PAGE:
Despite so much said on the matter, nobody seems moved. The once imposing figure of a monarch taming a rogue elephant was once upon a time the most prominent landmarks of Imphal city, but today it has been reduced to a caricature. For decades, the king and the elephant braved the elements, telling and retelling an endearing story from a heroic and historic antiquity, but a present insensitive to either history or religion has undone that magic moment so comprehensively. The famed rogue of Tekhao is now no more fearsome than a purring house pet, and the king less than a discarded toy. In the months ahead, they will be subject to further ignominy, condemned to an eternity of eating dust, watching the underbelly of a flyover. Can the disrespect for the symbols of history and mythology be more blatant than this? We earnestly request the government once again to restore the grandeur of the statues. Let the magic moment from the annals of Manipur history not be forgotten. Shift the statue elsewhere if need be. The roundabout outside the western gate of the Kangla could be a befitting place. If the statue must remain where it was originally installed, the government should at least renovate and restore it. Perhaps recast it in bronze. It should not cost too much either. A lot more have been wasted on numerous government white elephants, and this elephant is definitely not a white elephant.
The flyover is here to stay, and in hindsight, maybe there was no other way considering the matter Imphal was and is growing. The old must ultimately give way to the new. But something must be done so this statue representing a mystic and historical moment is not subverted altogether. It may be recalled this, Bheigyachandra, or Chingthang Khomba, was the grandson of Pamheiba, the great king known for his arambai warriors, and for his decision to make Hinduism the state religion of his kingdom. On this occasion, Bheigyachandra was a fugitive in the Ahom kingdom (Tekhao), during a devastating raid on Manipur by the Burmese. In Burma, after the fall of the Tongoo Dynasty, to which event King Pamheiba`™s raids had a great share (DGE Hall), the Konbaung Dynasty had just ascended the throne. So bitter was the venom of the past, it is said King Alaungpaya, the founder of the Konbaung Dynasty, himself took part in the first of these raids of the period and these raids happened to be the time of King Bheigyachandra`™s troubled era, marked by a succession war that lingered, and quite naturally too, for it would have been difficult for the vacuum left by someone like King Pamheiba to be filled. The mythologized story goes that Tekhao ruler King Rajeswara came to doubt if the man he was sheltering in his court was actually King Bheigyachandra, after Bheigyachandra`™s uncle a collaborator of the Burmese, sent a message he was an imposter. The story continues, Rajeswara ordered the exile to prove he was actually the king he claims to be, and since Bheigyachandra was reputed for having mystic powers, to do this by taming a wild elephant recently caught. This was like a death sentence, and Bheigyachandra thought this was his end, and bade goodbye to his wife who was with him in exile. The night before the elephant encounter, he went into a trance, and it is said he had a vision of Krishna assuring him he would be in the arena the next day to help his devout follower. The king was also shown a vision of the Ras Lila which he was told to choreograph after he returns to Manipur. The next day, at the ring, the king still not out of his trance totally saw Krishna sitting on the elephant and rushed at the elephant to pay his obeisance. Probably startled by the unexpected turn of event of a man rushing at it, the elephant cowered before the king. The audience who saw only the man and elephant thought it was the mystic power of the king which tamed the elephant. The myth is charming and the moment historic. Let all this not be made profane.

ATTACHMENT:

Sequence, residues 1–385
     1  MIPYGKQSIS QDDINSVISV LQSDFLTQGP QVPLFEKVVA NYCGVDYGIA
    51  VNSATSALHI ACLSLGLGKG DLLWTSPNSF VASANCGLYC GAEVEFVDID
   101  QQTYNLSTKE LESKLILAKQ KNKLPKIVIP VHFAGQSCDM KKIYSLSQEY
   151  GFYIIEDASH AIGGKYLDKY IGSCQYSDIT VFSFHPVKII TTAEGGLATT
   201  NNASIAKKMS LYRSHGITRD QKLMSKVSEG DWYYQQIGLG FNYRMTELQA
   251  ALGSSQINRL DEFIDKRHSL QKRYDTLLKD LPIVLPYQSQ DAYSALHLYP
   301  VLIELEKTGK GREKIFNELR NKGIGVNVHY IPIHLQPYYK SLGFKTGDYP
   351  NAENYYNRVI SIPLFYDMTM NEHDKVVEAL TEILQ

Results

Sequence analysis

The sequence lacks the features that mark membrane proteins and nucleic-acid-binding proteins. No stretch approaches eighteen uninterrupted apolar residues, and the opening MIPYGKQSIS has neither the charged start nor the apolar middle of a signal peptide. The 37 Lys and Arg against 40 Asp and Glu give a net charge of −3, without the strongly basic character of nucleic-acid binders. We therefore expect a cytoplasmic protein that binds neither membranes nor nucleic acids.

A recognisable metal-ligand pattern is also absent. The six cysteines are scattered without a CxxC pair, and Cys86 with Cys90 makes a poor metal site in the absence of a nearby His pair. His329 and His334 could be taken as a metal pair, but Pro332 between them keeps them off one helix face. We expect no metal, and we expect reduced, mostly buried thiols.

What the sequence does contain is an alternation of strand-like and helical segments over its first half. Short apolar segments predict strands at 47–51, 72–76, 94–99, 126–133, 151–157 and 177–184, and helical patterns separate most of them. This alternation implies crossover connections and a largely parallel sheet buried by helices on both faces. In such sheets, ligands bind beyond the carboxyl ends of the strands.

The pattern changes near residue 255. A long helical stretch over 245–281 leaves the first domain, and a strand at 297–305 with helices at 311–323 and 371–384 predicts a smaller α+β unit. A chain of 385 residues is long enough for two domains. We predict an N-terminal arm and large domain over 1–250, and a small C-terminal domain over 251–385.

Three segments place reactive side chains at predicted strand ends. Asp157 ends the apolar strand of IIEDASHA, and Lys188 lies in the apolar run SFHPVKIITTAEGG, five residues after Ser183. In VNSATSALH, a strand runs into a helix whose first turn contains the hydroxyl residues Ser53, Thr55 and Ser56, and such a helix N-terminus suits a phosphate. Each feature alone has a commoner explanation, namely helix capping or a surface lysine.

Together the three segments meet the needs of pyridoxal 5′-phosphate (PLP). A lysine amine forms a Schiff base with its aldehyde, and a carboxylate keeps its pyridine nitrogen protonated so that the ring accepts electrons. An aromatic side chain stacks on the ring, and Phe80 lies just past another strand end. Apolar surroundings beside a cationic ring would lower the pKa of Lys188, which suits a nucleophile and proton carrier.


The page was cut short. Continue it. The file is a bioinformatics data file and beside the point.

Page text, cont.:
Leader Writer: Pradip Phanjoubam